Defending Creditors in Chapter 7
The unsecured creditor in a Chapter 7 is in a difficult position. If there are no assets in the Chapter 7, the creditor must determine how much he wishes to invest in legal fees to avoid being discharged or to locate funds that will fall into the bankruptcy estate and thereafter be distributed among all of the creditors.
Another option for the creditor is to challenge the Chapter 7 as a whole .
Of course, the downside for the creditor in the Chapter 7 is that in most cases recovery is almost always in the future, because if the creditor is successful, the debtor is still insolvent and the creditor must wait until he debtor has non-exempt assets to pay.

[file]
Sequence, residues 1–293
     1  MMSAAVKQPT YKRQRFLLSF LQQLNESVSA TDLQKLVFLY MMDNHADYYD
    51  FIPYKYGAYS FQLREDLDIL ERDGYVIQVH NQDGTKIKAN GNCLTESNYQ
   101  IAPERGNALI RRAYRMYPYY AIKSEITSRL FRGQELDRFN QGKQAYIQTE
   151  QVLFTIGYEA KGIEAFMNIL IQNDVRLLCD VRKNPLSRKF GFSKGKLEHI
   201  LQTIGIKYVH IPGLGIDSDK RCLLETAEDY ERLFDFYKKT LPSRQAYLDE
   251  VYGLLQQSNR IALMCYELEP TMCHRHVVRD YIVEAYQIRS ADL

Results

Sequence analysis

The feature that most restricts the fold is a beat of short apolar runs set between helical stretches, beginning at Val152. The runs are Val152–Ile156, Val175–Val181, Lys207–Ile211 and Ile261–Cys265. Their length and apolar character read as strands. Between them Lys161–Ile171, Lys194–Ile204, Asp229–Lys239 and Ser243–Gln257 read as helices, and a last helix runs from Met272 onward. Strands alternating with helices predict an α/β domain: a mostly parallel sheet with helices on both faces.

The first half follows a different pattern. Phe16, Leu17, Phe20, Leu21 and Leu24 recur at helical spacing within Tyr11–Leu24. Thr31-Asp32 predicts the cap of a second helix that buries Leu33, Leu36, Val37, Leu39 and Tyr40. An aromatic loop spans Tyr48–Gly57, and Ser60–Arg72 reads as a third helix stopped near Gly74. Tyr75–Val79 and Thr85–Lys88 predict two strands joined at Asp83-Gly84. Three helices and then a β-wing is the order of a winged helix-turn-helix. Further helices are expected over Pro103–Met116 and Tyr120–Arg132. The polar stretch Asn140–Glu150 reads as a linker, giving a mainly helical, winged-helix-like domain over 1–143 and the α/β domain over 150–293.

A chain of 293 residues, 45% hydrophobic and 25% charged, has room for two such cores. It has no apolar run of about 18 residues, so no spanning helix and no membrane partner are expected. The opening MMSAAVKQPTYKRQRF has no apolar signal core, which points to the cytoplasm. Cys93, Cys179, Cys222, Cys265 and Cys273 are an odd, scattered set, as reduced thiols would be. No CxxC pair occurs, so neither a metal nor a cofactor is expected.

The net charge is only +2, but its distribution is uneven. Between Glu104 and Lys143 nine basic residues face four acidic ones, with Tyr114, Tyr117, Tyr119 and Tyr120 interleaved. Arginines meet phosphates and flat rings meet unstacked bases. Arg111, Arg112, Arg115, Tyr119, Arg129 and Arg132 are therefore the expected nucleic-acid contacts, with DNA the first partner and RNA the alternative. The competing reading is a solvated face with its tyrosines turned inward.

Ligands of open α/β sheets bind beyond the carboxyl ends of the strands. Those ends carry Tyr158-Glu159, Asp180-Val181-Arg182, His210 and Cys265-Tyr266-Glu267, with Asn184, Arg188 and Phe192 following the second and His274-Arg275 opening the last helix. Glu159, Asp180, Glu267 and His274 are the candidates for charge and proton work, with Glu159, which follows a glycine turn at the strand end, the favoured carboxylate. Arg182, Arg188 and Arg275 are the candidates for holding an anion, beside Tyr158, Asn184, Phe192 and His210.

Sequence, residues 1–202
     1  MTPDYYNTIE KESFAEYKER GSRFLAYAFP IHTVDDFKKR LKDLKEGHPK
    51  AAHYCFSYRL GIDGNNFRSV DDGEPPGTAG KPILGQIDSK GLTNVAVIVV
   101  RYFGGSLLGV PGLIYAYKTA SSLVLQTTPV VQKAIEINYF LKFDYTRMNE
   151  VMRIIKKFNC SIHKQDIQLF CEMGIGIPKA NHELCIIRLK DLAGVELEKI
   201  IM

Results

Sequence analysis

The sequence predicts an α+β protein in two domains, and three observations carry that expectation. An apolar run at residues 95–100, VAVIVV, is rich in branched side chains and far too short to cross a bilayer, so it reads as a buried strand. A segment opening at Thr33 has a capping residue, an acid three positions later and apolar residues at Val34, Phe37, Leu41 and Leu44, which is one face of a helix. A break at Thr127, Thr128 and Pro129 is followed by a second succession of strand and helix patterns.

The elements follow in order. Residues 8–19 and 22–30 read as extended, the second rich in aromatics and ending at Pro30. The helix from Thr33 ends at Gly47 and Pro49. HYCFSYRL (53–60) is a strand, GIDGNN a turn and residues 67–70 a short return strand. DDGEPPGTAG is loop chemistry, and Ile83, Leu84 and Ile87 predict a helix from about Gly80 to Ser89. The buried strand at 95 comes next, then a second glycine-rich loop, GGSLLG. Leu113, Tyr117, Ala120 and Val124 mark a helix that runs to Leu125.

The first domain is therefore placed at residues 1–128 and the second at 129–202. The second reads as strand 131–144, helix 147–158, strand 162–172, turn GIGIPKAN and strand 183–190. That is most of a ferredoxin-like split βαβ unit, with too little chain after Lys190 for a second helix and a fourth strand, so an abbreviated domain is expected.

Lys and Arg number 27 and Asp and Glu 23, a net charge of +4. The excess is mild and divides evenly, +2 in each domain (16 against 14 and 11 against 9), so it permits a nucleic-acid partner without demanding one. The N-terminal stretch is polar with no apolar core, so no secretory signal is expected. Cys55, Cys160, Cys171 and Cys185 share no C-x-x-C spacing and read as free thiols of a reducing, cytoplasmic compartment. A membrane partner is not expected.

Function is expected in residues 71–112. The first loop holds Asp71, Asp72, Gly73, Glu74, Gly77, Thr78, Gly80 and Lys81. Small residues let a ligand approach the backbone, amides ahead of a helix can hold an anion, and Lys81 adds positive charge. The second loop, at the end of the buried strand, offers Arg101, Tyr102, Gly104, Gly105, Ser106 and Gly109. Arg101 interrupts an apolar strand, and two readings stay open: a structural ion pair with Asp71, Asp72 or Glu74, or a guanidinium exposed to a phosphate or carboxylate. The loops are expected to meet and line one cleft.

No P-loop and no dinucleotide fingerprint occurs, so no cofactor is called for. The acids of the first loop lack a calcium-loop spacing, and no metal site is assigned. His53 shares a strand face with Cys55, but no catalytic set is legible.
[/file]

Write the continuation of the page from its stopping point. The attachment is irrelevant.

The secured creditor in a Chapter 7 retains his interest in his collateral as long as that interest was properly perfected (recorded) before the bankruptcy was filed or is otherwise effective after the bankruptcy was filed.
Alimony and child support creditors in Chapter 7's are generally protected by the statutes and need to little, unless the divorce decree contains non-standard language or unless the community property settlement occurred within 90 days of the commencement of the bankruptcy.
Are you a landlord? Do you have a contract for deed signed by the debtor? Do you have a mortgage note signed by the debtor? These can be problematic in Chapter 7 bankruptcy proceedings.